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Lubbers calls on international community to live up to promises of help for civilians

Lubbers calls on international community to live up to promises of help for civilians

High Commissioner Ruud Lubbers has appealed to the international community to help civilians in Afghanistan and again called on neighbouring countries to open their borders to refugees.
8 November 2001
High Commissioner Ruud Lubbers during his recent visit to the Killi Fazio staging camp in Pakistan.

GENEVA, Nov. 8, (UNHCR) - High Commissioner Ruud Lubbers Thursday appealed to the international community to live up to its promises to help civilians in Afghanistan and again called on neighbouring countries to open their borders to refugees.

"As the military effort to fight terrorism enters its second month, we need to underscore the commitment made by coalition leaders to the Afghan people that this war is not against them, and that the humanitarian effort will remain a priority," Lubbers said in a statement issued at UNHCR headquarters in Geneva.

"With winter nearly upon us, millions of Afghans are in need of some type of humanitarian assistance," Lubbers added. "Hundreds of thousands of people have fled their homes, but continuing insecurity is hampering humanitarian efforts to help them inside Afghanistan."

"At the same time, they are unable to seek refuge outside because all neighbouring borders are officially closed," Lubbers concluded. "As a result, many desperate Afghans have nowhere to turn."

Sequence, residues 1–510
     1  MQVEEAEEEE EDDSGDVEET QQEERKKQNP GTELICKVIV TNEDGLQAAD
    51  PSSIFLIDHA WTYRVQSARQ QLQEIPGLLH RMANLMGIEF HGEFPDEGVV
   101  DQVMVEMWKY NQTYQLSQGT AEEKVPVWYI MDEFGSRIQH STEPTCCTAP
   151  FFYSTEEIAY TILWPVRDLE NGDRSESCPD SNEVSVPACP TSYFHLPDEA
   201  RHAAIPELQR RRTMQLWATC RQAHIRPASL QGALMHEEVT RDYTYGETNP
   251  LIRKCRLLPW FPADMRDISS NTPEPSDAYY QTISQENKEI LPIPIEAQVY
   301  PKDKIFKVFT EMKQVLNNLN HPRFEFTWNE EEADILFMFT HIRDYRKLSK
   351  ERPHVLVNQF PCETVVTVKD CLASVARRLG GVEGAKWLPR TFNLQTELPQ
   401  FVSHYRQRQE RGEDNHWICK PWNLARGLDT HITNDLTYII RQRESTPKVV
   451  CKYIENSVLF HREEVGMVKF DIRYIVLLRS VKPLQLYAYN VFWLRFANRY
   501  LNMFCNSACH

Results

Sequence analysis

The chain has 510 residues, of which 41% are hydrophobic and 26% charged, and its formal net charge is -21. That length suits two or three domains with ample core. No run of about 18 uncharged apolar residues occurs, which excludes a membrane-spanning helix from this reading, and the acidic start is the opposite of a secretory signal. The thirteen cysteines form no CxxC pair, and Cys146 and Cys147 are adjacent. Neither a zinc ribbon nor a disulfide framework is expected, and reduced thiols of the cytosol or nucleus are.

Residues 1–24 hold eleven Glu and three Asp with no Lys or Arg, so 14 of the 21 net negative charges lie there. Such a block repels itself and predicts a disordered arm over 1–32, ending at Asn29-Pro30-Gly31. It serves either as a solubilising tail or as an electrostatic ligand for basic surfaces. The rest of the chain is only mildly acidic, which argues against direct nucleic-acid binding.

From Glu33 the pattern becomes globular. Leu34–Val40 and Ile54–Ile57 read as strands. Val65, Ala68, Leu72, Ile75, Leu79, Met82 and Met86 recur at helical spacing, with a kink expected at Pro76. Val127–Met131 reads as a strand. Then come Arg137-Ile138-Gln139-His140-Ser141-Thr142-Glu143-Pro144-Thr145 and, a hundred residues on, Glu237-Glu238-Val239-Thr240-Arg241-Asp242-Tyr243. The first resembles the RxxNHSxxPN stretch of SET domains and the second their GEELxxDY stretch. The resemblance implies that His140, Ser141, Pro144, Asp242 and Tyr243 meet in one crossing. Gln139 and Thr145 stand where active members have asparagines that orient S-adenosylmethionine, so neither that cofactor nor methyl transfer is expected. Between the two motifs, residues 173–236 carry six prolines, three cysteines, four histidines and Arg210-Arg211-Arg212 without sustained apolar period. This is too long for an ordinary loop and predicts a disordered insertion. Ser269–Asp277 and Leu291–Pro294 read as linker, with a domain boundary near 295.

Despite the closed-border policy, UNHCR estimated earlier this week that about 135,000 people had managed to cross into Pakistan since the September 11 attacks on the United States. Many of those who entered Pakistan - known as invisible refugees - seek shelter with family members or disappear into the country, afraid they will be deported by the authorities.

Recent reports indicate that the newly arriving refugees are in increasingly poor health, with several case of malnutrition reported earlier this week.

The High Commissioner had emphasized even before September 11 that priority should be given to helping the people inside Afghanistan, but security considerations have made it difficult if not impossible for humanitarian agencies to work efficiently in that country.

Nevertheless, Lubbers said the refugee agency was examining how it can continue and perhaps even expand its programmes inside Afghanistan, where the agency works with over 100 small non-governmental organizations. The High Commissioner added that UNHCR has helped more than 4.6 million Afghans to return home since 1988.

"The fight against terrorism is necessary," Lubbers said. "But there is also a concomitant international duty to help the Afghan people - both inside and outside - and to make good on the promises made to them at the beginning of this conflict that they are not the target of this war and will not be forgotten."

Lubbers recognized what he called "the enormous refugee burden" Afghanistan's neighbours are shouldering, and noted that "some progress" had been made with Pakistan authorities on making the camps available to those who had entered the country through back roads and mountain paths. Many of them have been unwilling to seek help, afraid of being sent back to Afghanistan.

Pakistan argues that it already has more than two million refugees within its frontiers, and complains that it has received little help from the international community. Hundreds of thousands of additional refugees would pose a threat to its internal security, according to government officials.

The situation in Iran, where sites have been identified and humanitarian stocks pre-positioned, is not much better, according to UNHCR. Some makeshift camps have been established inside Afghanistan near the borders with both Iran and Pakistan. "However, UNHCR has serious concerns over the security of these sites, which are in both Taliban and Northern Alliance territory," Lubbers said.